In early 2009, Sam Fromartz embarked on his own odyssey of discovery. He was a longtime home baker who had never been able to master the baguette, the signature bread of France, and also a freelance writer. With the start of the recession, several of his regular clients suddenly had no work for him, leaving him with time on his hands—and then he snagged a seemingly miraculous assignment to go to Paris and learn to make true French bread at the side of an award-winning boulanger. That experience—which led to his home baguette being named the best in Washington, DC, beating out ones make by professionals—launched him on an inquiry into the chemistry of baking, the history of lost grains, the place of bread in culture, and the obsessions of micro-growers and outlaw bakers. In the end, Fromartz—now the co-founder and editor-in-chief of the Food and Environment Reporting Network (FERN)—delivers a memoir, recipe book, and ultimately, a meditation on reviving diversity and flavor in a food too many take for granted.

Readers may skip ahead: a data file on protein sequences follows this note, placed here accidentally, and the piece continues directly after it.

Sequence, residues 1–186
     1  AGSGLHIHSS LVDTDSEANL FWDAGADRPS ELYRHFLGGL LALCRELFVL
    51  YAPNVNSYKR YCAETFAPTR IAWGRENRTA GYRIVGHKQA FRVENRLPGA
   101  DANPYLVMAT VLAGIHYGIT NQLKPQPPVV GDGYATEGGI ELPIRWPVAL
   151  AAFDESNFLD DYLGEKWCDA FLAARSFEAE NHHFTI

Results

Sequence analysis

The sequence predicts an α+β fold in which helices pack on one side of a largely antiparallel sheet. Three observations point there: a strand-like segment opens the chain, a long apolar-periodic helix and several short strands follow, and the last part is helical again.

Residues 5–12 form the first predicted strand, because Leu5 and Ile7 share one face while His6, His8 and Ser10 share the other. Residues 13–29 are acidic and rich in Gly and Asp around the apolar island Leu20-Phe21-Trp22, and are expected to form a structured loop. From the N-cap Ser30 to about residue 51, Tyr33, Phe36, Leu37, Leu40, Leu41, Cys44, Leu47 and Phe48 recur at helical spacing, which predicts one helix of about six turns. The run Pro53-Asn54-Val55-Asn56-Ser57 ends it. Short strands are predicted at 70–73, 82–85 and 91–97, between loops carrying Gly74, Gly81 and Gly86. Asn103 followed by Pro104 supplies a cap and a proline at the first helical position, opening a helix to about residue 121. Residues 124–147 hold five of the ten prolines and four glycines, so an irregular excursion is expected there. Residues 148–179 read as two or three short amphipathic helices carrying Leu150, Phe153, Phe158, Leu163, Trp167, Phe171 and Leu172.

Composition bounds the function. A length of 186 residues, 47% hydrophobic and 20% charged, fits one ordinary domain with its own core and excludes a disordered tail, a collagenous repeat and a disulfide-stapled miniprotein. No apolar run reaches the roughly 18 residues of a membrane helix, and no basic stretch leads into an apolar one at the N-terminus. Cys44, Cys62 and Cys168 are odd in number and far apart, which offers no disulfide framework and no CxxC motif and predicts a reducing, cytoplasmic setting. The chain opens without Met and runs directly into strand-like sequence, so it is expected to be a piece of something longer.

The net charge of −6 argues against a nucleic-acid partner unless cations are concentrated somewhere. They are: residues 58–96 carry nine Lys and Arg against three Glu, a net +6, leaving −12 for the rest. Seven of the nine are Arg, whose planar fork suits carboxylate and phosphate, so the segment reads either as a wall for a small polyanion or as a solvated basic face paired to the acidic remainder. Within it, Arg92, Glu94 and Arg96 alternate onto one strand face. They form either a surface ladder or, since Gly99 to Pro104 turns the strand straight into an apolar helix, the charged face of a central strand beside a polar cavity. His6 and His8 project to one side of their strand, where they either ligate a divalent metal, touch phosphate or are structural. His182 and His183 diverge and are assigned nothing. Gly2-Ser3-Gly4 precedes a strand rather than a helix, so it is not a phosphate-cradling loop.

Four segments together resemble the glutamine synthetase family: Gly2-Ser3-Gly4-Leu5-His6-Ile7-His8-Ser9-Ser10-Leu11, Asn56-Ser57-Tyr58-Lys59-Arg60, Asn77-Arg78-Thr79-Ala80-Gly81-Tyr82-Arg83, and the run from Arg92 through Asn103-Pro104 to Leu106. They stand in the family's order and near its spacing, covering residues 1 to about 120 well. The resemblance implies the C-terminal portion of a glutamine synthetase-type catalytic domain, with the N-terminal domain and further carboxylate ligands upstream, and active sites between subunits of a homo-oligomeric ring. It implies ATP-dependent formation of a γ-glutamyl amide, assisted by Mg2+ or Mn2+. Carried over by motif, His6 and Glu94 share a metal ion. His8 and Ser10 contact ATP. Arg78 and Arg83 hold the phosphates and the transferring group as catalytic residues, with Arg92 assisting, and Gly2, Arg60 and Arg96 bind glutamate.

Bread may be the staff of life, but alcohol makes living worthwhile. Rogers, the articles editor at Wired, interrogates booze by examining the ingredients and processes that combine to create it—yeast, sugar, fermentation, distillation and aging—followed by the components of our experience once we drink it: smell, taste, euphoria, intoxication, and aftermath. What results is chemistry, physics, neurobiology and deep history (the origins of alchemy in ancient Egypt, the rise of eaux de vie during the Black Death) combined with geekery over the cellular structure of oak and some alarming self-experimentation to test hangover cures. Even if you don’t drink, Proof is worth reading for lovely and often witty language; the air outside a whisky warehouse smells of “fresh cookies cooling in the kitchen while a fancy cocktail party gets out of hand in the living room,” and de-alcoholized wine tastes like “existential death.”